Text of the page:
And it should be obvious by now that differences in SCADA systems mainly relate to the availability of added functionalities and redundancies that help to de-risk your solar operations. The cost of these extras is not that great in the scheme of things.
But skimping on them can have expensive consequences. That is why it is important to take an active role in the selection of your SCADA system and not just accept the first option available.
So, what should you look for in your system? Here are eight things to watch out for:
- Industry-specific features. SCADA systems are used widely across industries, in areas ranging from manufacturing to access control. And while a generic SCADA system might provide the basics you need for a solar plant, it will hardly work as well as one that has been designed specifically for PV.
- Ideally, your SCADA system will last for the entire 25 to 35-year lifespan of your solar project. And a lot can happen in that time, from increases in capacity to the installation of new sensor devices. You want to have a SCADA system that can scale up without problems in space and time.
- High-quality data. The principle of garbage in, garbage out (GIGO) applies to solar data as much as it does to any other form of analysis. Hence, you want a system that offers the highest possible data quality, along with processes to address missing data points.
- Vendor support. As with PV panels and inverters, you want to work with a supplier that will be around to honor warranty conditions and carry out servicing and repairs for the lifetime of your solar plant. That means sticking with leading names in SCADA and power electronics technology.
- As the Colonial pipeline ransomware attack showed this year, energy infrastructure is increasingly being targeted by hackers. Hence, if you are concerned about risk then it is key you select a SCADA system that complies with cyber security standards such as ISO 27001 and NERC CIP.
- Redundancy options. As described above, redundancy can be a major contributor to SCADA system uptime and, with it, enhanced solar plant operations. Redundancy options should extend to the ability for independent data backup in the cloud and on the local system.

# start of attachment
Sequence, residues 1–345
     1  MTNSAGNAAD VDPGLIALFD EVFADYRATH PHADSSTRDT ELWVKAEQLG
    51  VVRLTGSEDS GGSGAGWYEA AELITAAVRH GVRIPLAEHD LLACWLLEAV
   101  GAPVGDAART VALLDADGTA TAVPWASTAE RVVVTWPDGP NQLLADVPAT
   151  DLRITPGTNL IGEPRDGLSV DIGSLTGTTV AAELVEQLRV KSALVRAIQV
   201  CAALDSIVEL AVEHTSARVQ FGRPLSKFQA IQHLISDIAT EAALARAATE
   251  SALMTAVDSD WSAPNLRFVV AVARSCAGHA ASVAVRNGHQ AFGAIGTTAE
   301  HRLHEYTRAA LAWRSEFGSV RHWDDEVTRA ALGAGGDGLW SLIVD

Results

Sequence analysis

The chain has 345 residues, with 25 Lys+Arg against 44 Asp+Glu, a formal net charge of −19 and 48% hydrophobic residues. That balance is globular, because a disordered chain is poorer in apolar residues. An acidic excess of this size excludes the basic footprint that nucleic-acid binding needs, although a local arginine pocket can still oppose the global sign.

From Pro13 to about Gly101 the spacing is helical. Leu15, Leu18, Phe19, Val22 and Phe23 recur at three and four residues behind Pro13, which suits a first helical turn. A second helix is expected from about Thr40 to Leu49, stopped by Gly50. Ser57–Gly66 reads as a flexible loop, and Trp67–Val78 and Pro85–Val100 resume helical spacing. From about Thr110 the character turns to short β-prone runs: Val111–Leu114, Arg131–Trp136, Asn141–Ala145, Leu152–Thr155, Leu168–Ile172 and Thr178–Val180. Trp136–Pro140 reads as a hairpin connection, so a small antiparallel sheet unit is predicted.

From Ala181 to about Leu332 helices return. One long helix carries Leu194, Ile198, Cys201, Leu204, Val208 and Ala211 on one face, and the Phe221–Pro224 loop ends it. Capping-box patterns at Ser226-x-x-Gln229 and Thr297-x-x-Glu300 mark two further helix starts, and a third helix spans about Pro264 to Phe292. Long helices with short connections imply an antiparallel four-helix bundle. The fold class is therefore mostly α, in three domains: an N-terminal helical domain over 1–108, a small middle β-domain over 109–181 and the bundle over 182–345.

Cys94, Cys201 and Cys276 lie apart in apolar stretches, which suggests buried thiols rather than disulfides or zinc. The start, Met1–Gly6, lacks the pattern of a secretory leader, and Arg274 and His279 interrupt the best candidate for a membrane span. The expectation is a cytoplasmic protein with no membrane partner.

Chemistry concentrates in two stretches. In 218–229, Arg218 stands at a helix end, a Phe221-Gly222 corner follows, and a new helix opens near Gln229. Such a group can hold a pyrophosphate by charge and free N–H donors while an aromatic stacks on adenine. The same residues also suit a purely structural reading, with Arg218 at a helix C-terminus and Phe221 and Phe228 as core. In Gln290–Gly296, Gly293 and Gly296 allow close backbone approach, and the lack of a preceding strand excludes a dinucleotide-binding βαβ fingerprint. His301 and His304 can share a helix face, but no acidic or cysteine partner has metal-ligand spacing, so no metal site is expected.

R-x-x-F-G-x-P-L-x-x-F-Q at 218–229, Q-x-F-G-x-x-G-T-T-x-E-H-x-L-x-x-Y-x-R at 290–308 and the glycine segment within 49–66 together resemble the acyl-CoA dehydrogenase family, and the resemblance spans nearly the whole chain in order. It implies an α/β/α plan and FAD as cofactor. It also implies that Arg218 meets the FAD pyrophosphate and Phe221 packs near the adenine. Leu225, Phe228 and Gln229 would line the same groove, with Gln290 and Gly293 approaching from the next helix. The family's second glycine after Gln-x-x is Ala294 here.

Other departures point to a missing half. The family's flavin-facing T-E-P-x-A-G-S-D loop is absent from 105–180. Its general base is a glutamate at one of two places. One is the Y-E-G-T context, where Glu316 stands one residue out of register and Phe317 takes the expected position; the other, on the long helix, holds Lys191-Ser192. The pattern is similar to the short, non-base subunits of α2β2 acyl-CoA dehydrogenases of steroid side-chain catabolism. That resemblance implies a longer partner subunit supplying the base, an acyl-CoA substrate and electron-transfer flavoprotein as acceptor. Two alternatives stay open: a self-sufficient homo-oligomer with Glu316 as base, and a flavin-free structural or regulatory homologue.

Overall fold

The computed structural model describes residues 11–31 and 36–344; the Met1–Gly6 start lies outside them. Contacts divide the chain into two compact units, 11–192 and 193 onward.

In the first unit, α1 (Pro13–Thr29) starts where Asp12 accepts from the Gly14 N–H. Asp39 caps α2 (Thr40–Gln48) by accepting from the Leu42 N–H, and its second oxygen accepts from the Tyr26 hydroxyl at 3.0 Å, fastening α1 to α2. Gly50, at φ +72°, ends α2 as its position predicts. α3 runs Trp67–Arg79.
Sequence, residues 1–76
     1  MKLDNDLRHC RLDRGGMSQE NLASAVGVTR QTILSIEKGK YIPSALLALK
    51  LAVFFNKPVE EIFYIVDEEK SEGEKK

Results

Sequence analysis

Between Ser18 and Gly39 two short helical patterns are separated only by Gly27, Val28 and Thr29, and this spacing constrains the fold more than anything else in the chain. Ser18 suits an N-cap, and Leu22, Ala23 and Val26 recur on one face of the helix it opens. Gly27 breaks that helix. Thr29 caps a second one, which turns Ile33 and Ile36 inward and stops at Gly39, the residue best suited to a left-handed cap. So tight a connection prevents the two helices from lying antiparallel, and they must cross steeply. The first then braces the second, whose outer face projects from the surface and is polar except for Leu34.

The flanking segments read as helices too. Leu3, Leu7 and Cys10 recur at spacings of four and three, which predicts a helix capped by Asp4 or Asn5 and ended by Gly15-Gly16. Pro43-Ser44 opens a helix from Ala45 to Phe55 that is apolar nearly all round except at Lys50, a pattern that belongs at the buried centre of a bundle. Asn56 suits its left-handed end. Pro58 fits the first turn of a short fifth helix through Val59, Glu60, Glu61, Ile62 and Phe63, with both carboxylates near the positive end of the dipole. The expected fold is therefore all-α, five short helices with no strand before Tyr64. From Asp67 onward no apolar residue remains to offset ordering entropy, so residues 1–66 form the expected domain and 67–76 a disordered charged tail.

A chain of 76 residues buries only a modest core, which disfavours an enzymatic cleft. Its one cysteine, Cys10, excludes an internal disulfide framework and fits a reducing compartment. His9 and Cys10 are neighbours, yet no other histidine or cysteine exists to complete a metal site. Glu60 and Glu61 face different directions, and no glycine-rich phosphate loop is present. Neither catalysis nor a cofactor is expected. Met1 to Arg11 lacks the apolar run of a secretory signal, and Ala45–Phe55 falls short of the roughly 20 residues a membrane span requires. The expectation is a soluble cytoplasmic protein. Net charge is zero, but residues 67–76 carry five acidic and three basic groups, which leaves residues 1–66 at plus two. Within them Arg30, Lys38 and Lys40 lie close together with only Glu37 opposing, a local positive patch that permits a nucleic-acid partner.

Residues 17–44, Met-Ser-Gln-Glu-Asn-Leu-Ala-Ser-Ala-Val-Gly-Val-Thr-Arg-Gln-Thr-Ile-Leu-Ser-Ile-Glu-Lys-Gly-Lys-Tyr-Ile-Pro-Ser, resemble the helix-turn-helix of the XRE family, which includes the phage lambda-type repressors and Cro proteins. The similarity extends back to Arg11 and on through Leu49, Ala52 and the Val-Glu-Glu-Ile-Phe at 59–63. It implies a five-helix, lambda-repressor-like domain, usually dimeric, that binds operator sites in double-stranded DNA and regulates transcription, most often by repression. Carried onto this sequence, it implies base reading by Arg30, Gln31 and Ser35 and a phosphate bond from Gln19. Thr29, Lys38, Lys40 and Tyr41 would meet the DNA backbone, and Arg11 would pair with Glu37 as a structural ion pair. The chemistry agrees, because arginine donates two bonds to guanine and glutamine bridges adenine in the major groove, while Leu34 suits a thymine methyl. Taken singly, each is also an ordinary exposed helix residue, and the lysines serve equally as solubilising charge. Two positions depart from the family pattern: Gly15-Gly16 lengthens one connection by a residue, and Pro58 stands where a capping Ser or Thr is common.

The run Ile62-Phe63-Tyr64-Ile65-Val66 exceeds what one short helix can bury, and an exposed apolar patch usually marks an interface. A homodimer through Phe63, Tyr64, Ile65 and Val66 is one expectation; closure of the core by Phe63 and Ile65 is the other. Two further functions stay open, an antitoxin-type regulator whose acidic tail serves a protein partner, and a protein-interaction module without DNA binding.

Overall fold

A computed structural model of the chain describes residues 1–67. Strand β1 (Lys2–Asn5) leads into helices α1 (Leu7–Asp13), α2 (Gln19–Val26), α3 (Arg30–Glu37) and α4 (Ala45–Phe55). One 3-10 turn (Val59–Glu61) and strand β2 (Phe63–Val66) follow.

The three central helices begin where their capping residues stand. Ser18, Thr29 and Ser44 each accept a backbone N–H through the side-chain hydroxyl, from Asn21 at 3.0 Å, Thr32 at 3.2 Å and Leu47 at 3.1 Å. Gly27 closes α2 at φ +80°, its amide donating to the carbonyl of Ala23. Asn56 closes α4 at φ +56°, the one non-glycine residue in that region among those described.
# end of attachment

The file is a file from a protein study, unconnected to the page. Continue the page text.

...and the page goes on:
- Hardware and software integration. You can easily cut corners by buying SCADA hardware and software separately. But don’t expect optimum performance. The best possible option is a fully integrated system from a single vendor.
- Technological flexibility. Notwithstanding the desirability of industry-specific features, it is also useful to have SCADA systems that can work well in hybrid plant contexts, for example where solar is tied to battery storage.
In addition to these SCADA platform characteristics, you should pay attention to the following points during the design and installation phase of your solar plant:
- Make sure the size and setup of your SCADA system are co-optimized along with your sensor systems to provide the highest-quality data at the lowest possible cost.
- Design your data networks for fast and reliable plant communications, with separate paths for acquisition and control.
- Choose a leading power plant controller to allow for seamless grid integration.
- Set appropriate parameters for data sampling, cleansing, and averaging.
- Put ISO 27001 cyber security practices in place.
What’s this all worth? At Inaccess, we estimate that identifying performance issues and minimizing unexpected downtime could result in a 2% performance ratio improvement, adding around $280,000 in revenue a year for a 100 MW.